What follows is my considered opinion. I take careful note of my own
dreams, giving much thought to their themes and meanings. Your dream
strikes a personal chord with me because a number of my most vivid
dreams have featured one or more beasts in an antagonistic role, this
despite the fact that I am fond of animals large and small in my
waking hours. I have in my dreams been assaulted by dogs, lions, and
on one occasion a flesh-eating squirrel. These animals never bit me,
but they came awfully close, and I did see the squirrel gnaw the flesh
off someone else's fingers. I do not recall any brushes with a bear.
Your dream falls into the broad category of pursuit dreams. It is
generally accepted that dreams in which one is pursued or assaulted
signal nervous tension in the dreamer. If one has been acutely anxious
or guilty, in other words fearful of some event or judgment, the
object of fear manifests itself as a creature who seeks to do one
harm. The creature is not necessarily malign, which may well be a
significant detail. For example, a wild beast who seeks to prey on the
dreamer's persona generally does so from hunger rather than malice.
What is feared is then likely to be a natural force, perhaps an
impersonal one such as the law or a divine one such as final judgment.
In comparison, a human who seeks to do one harm in a dream is nearly
always marked by malice, unless he acts in self-defense. To come under
malicious attack is to be a victim of injustice. It would seem, then,
that an assault by a human represents sheer anxiety, whereas an
assault by an animal stands for guilt.
The fact that you are attacked by a bear, whose natural business it is
to kill and consume weaker creatures, is the first of three salient
details about your dream. The other two are that it bites you and that
the dream recurs. I have already explained why I think it likely that
the bear symbolizes an impersonal force, such as human justice or
divine retribution, which you fear. It is rarely the case that pursuit
leads to physical injury in the dream. Usually the pursuit ends, if
not in escape, then in some inconclusive fashion, often by mutating
into a different dream or by the dreamer's awakening.
A bite is an intimate kind of injury, much more so than a blow, a
stab, or a projectile wound. There are teeth involved in a bite,
perhaps meeting with the victim's bone, as well as blood mingling with
the attacker's saliva. To be bitten is to conjoin with one's attacker.
This is not to impute romantic elements to the attack. There is,
however, a distinctly sensual element in a bite, emphasized by the
shaggy, untamed character of all bears. If the bear is an impersonal
force that the dreamer fears, then to sustain a bite from it may be to
recollect the sensual nature of a transgression or to anticipate
sensual repercussions from it.
The recurrence of a dream indicates not necessarily a recurrence of a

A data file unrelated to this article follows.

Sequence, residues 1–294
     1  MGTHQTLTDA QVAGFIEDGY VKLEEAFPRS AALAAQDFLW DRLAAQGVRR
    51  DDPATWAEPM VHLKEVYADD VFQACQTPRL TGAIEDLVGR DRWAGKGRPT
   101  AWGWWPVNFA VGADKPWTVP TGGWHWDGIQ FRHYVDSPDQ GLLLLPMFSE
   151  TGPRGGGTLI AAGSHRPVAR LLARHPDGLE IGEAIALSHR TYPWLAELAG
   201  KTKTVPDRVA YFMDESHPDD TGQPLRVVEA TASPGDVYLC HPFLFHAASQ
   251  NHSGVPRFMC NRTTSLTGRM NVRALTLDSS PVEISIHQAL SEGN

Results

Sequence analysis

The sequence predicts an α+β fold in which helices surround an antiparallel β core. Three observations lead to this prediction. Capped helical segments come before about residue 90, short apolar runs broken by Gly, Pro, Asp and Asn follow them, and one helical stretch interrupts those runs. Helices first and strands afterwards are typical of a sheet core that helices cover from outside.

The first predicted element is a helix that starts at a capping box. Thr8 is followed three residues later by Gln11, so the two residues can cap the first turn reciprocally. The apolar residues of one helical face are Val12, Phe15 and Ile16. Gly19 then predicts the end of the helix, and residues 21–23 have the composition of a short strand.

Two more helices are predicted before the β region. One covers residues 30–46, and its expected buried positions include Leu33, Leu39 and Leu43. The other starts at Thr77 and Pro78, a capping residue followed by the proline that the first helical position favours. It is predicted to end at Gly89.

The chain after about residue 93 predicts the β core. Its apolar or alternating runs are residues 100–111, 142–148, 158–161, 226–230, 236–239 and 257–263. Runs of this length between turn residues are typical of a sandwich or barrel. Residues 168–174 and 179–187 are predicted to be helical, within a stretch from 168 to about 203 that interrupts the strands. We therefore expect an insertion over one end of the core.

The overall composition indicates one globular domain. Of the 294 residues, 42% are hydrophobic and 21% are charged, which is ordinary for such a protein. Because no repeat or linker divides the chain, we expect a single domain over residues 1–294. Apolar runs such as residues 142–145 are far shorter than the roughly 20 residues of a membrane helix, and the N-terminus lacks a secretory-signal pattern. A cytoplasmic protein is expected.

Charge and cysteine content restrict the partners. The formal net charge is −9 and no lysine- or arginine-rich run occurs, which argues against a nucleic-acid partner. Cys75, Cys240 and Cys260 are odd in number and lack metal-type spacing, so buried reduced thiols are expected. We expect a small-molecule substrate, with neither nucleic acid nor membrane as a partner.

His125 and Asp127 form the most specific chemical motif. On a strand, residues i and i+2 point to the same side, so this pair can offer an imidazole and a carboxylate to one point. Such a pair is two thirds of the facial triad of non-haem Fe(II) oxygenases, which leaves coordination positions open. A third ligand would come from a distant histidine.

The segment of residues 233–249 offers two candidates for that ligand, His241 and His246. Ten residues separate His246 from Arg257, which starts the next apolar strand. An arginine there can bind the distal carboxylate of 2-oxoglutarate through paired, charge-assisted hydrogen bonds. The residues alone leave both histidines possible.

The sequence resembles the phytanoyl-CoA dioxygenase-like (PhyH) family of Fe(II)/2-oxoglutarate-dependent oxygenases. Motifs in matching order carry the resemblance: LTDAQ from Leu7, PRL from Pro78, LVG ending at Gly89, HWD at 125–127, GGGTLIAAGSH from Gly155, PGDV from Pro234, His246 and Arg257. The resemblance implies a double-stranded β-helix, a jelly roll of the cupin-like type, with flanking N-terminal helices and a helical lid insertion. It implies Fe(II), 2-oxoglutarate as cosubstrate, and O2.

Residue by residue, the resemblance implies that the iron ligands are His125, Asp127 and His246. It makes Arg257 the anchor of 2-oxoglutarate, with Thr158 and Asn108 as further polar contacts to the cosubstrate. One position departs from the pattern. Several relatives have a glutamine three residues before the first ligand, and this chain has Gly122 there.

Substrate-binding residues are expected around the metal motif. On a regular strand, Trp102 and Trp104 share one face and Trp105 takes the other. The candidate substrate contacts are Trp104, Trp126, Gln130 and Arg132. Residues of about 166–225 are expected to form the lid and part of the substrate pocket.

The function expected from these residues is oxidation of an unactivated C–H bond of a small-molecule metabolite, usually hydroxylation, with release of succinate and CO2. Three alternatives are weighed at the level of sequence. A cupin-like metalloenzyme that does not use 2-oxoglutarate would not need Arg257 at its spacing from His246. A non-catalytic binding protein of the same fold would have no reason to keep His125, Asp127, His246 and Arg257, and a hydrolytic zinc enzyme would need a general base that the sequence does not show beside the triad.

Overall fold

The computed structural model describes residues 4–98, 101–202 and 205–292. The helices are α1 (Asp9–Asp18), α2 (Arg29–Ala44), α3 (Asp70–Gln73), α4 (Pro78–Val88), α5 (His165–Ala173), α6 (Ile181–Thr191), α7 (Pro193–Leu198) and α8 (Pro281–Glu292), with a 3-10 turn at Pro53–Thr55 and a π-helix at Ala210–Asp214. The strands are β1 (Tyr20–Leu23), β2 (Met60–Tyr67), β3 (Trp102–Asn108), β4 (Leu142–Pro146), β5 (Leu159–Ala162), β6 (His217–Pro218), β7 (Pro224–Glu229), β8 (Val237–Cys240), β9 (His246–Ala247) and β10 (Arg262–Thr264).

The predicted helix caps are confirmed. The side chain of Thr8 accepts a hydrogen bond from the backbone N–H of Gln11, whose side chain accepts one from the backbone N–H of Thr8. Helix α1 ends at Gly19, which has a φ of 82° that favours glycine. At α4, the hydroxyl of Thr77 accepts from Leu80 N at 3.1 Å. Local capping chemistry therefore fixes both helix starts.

transgression whose consequences one fears, but a fixation, whether
conscious or unconscious, on such a transgression. This may be an
illicit or immoral act one committed in the past, perhaps far in the
past, or one that seemed to be of secondary importance at the time. If
it comes back to haunt one in one's dreams, it is because it has not
yet been resolved, regardless of its remoteness or apparent lack of
There is no need, I don't think, to invoke mystical explanations or
grand psychological theories to account for your dream. The former
would contravene the laws of nature as I understand them, and the
latter too often overlook the importance of common sense. If the brain
is a kind of computer, and the thoughts in it are like programs that
go about allocating memory to perform their computations, then
dreaming is comparable with the procedure known as garbage collection,
where the computer goes about reclaiming portions of memory that are
no longer required by a program. Another way to see it is that because
dreams come out of your mind, they are cut from the fabric of your own
experience. What emerges in your dreams is a distorted rendition of
conscious thoughts you have recently had. I find that the calmer I am
in my waking hours, the less distortion there is in my dreams. When I
am perfectly content, I dream mundane scenes taking place in the
workplace or at the supermarket. It is in response to upheaval that my
dreams begin to bristle with surreal and violent action.
Tension in one's life begets chaos in one's dreams. That is the most
general construction I can put on your dream. A much more particular
one, and one that is commensurately more likely to be wrong, is that
the recurring image of a bear biting your person is the representation
of your fixation on a past wrong you have done for which you fear you
are to be punished, with the transgression or the punishment or both
being of a sensual nature.
If you feel that any part of my answer requires correction or
elaboration, don't hesitate to post a Clarification Request so that I
have a chance to fully meet your needs before you assign a rating.